- The Revision of Grant Wood
Most major museum exhibitions these days are "remakes" of exhibitions that have been done many times before: Claude Monet, Edward Hopper, Michelangelo drawings, and so forth. The recent Grant Woodexhibition organized at the Whitney Museum by Barbara Haskell with Senior Curatorial Assistant Sarah Humphreville (with a catalog published by Yale University Press) falls into this formula. In fact, in terms of what it contains, it comes very close to being an exact replica of the show organized by Wanda Corn at the Whitney in 1985—an almost unavoidable circumstance in this instance, since Wood's output was very slim. Once he achieved his mature style, he produced only about thirty major paintings. 1
In this instance, however, the same is not the same, for Wood is an artist whose work has very different meanings now than it did thirty-odd years ago. Two things are noteworthy. First is the curator. Barbara Haskell cut her teeth on exhibitions of the work of modernist painters of the Alfred Stieglitz group, such as Arthur Dove, and at the time ardently promoted the cause of abstract painting. Thirty years ago, writing on abstract and representational art were virtually different professions, and it was inviting trouble to cross the line between the two. With this exhibition of Wood, however, she has crossed over. Surely this says something about a new age of art history, when the old distinction between "modern" and "reactionary" has become increasingly blurred. Indeed, today Wood's work looks just as contemporary as that of the Stieglitz group, perhaps more so, since it deals more directly with the issues of race, gender, and social justice that concern us most today. [End Page 431]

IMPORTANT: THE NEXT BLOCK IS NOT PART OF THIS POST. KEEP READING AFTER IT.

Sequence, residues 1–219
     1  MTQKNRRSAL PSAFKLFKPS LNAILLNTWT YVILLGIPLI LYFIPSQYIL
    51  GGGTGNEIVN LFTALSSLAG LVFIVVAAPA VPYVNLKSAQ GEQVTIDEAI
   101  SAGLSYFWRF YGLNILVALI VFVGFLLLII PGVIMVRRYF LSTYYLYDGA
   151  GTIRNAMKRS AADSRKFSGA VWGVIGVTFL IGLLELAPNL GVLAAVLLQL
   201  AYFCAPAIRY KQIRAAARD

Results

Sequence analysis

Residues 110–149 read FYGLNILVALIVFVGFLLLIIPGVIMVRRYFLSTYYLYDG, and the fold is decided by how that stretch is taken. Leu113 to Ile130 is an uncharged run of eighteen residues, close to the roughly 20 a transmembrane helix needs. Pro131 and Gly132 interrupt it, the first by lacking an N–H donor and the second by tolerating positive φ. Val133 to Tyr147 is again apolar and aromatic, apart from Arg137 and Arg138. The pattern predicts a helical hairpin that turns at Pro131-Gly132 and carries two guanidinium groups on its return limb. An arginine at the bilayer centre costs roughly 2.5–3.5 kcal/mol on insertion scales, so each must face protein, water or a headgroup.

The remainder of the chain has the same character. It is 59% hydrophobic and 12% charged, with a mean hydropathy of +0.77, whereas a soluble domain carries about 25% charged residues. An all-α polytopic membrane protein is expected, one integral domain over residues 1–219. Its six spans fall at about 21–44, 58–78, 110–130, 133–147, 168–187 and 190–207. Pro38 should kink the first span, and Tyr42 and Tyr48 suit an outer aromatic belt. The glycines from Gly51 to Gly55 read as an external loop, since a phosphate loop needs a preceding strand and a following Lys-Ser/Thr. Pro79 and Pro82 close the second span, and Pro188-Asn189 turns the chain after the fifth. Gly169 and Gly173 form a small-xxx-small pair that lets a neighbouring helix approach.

Second is the interpretative approach. Back in 1985, Wood seemed to exemplify normative Midwestern values. Today it is clear that that was very far from the case. The big breakthrough here is the discovery that Grant Wood was homosexual, and thus a figure who looked on small town American life with understandable fears and reservations. Indeed, Wanda Corn's presentation of him back in 1985 as a celebrator of American "normalcy" (to borrow a word from Warren G. Harding) seems misguided if not downright fraudulent. But just what it means to say that Grant Wood was "homosexual," and what this means for the interpretation of his art, raises some challenging questions.
I myself played a modest role in this reassessment, although it is one that can be described as a "discovery" in only a limited sense. For the belief that Wood was gay was quietly held by many of those who knew him and were alive until quite recently, and has surely been an open secret in Cedar Rapids and elsewhere for a long time. My interest in the question was aroused in the late 1980s when I learned, while doing research on Thomas Hart Benton, that Benton believed that Wood was gay—a discovery filled with ironies, for Benton has become notorious for his unkind remarks about homosexuals, and yet formed the closest artistic allegiance and friendship of his long life with Wood. Not long afterwards, when I gave a lecture in Iowa City, I took the trouble to look up Wood's administrative files at the University of Iowa and discovered that a group of five or six faculty members there, including the noted art historian H. W. Janson, lobbied to get Wood fired because of his alleged homosexuality. Once the cat was out of the bag, it was not hard to find additional evidence. In fact, careful reading of the first, much-neglected book on Wood by Darrell Garwood, contains many gentle hints about Wood's actual sexual orientation.
It is hard to believe that earlier researchers did not discover this same material, but they clearly thought it was not something that should be...